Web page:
Solar energy companies don’t fare much better. The House GOP plan would also repeal the Investment Tax Credit for big solar projects that start construction after 2027. House Republicans also propose eliminating the $7,500 credit for electric vehicle purchases, which analysts say “could cripple the emerging EV market.” Along with the proposed changed to the PTC, “these changes would increase pollution and undermine America’s leadership in energy innovation,” said Michelle Robinson, director of the clean vehicles program at the Union of Concerned Scientists. “We’d squander the progress we’ve made.”
The Senate’s bill, the broad outlines of which were released on Thursday, isn’t likely to include all of these anti-clean energy measures. Three Republican members of the Senate Finance Committee—the committee that writes the tax bill—told Bloomberg this week that they oppose scaling back the wind production tax credit. “The wind energy production tax credit is already being phased out under a compromise brokered in 2015,” Republican Senator Chuck Grassley, from wind-rich Iowa, said. “It shouldn’t be re-opened.” And the electric vehicle credit reportedly is preserved in the Senate bill.
But the House’s proposed change to the wind energy tax credit doesn’t have to become law for it to negatively impact the industry. “The sad thing is, it creates uncertainty in the marketplace, just the fact that this proposal is out there,” Greg Jenner, a Stoel Rives tax attorney who works with renewable energy companies, told Greentech Media. If investors are unsure if the credit will remain robust, they may choose to invest elsewhere. This type of financial uncertainty has long plagued the wind industry, as Congress has been required to renew the credit every few years—and the debate is always contentious. Needless to say, fossil fuel companies don’t face the same uncertainty about their own generous government subsidies.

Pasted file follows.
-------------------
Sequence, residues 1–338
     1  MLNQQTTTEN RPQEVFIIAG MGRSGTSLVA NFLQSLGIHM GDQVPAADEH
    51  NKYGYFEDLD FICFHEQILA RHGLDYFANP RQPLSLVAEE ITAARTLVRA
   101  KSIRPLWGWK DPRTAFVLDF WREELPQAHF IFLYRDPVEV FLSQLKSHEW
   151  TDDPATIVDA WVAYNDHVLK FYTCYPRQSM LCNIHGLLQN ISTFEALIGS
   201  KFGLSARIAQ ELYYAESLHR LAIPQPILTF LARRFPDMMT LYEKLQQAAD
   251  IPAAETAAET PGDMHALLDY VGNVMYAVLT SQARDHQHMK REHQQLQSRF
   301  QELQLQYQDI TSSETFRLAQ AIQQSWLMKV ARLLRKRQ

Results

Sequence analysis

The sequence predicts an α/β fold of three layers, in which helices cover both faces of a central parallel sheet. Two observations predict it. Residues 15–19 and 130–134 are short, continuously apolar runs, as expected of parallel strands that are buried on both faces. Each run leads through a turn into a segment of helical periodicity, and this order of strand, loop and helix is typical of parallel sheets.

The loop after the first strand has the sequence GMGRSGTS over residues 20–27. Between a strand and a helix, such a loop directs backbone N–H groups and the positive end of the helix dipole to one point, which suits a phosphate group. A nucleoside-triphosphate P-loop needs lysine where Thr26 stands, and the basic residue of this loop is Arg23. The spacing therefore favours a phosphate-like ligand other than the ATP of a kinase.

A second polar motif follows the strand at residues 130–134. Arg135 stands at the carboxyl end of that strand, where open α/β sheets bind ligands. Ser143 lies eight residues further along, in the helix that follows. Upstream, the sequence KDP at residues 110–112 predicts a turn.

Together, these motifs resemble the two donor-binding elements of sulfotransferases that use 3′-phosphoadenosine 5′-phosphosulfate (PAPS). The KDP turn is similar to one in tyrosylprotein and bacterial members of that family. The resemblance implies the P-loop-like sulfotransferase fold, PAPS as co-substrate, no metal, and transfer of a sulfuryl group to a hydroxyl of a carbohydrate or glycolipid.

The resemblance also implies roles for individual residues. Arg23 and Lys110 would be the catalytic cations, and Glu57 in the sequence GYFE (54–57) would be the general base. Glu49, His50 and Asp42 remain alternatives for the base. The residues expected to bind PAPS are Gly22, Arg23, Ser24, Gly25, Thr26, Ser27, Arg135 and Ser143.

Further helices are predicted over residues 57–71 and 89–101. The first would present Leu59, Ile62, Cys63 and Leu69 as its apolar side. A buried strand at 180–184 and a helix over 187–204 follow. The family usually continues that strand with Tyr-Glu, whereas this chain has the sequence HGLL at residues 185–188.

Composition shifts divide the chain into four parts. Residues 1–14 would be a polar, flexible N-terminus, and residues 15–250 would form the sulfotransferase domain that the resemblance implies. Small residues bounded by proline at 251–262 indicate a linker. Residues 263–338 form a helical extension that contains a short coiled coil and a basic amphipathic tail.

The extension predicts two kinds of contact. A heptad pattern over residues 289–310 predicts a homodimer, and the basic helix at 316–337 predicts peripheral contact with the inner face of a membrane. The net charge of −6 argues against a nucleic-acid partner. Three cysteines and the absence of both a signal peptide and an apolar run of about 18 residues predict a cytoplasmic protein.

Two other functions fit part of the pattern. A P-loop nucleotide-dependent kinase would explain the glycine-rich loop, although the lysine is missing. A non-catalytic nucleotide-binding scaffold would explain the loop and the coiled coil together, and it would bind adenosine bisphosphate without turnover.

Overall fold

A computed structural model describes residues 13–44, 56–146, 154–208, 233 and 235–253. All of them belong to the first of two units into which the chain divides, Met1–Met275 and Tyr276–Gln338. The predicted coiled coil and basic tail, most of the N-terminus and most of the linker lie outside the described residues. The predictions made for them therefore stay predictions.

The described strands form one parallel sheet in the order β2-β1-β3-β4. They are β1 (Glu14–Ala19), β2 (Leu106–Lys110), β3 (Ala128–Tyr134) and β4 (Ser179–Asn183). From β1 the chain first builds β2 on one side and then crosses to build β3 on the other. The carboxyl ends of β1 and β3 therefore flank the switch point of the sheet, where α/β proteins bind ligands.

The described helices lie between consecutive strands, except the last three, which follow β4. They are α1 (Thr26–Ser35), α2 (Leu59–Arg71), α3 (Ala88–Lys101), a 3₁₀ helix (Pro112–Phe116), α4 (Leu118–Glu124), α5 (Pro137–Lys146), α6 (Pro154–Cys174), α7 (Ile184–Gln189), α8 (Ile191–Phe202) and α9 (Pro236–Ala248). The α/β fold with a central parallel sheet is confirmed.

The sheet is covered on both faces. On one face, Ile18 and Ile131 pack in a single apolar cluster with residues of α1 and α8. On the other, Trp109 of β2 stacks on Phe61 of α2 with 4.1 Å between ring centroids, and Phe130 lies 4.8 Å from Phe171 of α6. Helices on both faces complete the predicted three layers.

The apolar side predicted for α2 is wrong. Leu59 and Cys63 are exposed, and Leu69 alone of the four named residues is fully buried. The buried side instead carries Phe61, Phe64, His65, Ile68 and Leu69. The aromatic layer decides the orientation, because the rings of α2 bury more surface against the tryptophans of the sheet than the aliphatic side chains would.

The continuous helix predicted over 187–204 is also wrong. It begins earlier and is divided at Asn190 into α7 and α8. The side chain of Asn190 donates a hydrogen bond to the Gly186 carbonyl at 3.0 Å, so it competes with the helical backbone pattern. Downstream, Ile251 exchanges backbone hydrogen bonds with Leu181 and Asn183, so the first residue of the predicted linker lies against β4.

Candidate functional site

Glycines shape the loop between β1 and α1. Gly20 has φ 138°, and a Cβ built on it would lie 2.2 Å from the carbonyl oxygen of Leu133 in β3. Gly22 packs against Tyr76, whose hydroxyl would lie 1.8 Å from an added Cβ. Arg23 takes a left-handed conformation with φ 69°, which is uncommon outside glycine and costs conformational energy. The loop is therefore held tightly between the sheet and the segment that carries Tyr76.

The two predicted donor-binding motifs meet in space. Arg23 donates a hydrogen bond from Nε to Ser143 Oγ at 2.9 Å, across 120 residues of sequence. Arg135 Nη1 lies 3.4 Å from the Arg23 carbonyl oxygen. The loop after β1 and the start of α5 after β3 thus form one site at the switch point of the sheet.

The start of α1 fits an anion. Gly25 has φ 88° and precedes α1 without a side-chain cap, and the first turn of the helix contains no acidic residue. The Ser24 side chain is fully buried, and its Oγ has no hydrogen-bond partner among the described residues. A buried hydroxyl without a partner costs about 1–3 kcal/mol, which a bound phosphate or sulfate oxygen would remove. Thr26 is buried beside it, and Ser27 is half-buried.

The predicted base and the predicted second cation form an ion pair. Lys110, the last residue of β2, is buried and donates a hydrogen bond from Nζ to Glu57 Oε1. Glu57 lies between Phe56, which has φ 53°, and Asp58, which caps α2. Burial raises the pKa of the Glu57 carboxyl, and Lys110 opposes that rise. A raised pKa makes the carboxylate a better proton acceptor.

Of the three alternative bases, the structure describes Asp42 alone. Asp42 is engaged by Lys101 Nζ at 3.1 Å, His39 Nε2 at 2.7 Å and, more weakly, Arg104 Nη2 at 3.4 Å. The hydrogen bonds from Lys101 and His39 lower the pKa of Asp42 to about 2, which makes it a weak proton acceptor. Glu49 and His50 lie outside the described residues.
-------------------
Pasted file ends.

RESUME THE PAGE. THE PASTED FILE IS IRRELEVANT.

“Beyond propping up their business model, it’s the ultimate greenwashing scheme, allowing [fossil fuel companies] to portray themselves as responsible environmental stewards.”While the Senate bill may not include all of the House’s cuts to clean energy, it could expand an existing subsidy for fossil fuel companies. Morning Consult reports that Republican Senator Shelley Moore Capito of West Virginia wants to extend and expand the carbon capture tax credit, which benefits fossil fuel companies that capture their greenhouse gas emissions before they’re released into the atmosphere and store them in the ground.
This politics of this proposal are complicated. The credit incentivizes fossil fuel companies to reduce their carbon emissions, helping in the fight against climate change. It is supported by some of the Senate’s most vocal climate champions—Rhode Island’s Sheldon Whitehouse and Hawaii’s Brian Schatz, both Democrats—as well as some large environmental groups such as the Natural Resources Defense Council and the Clean Air Task Force.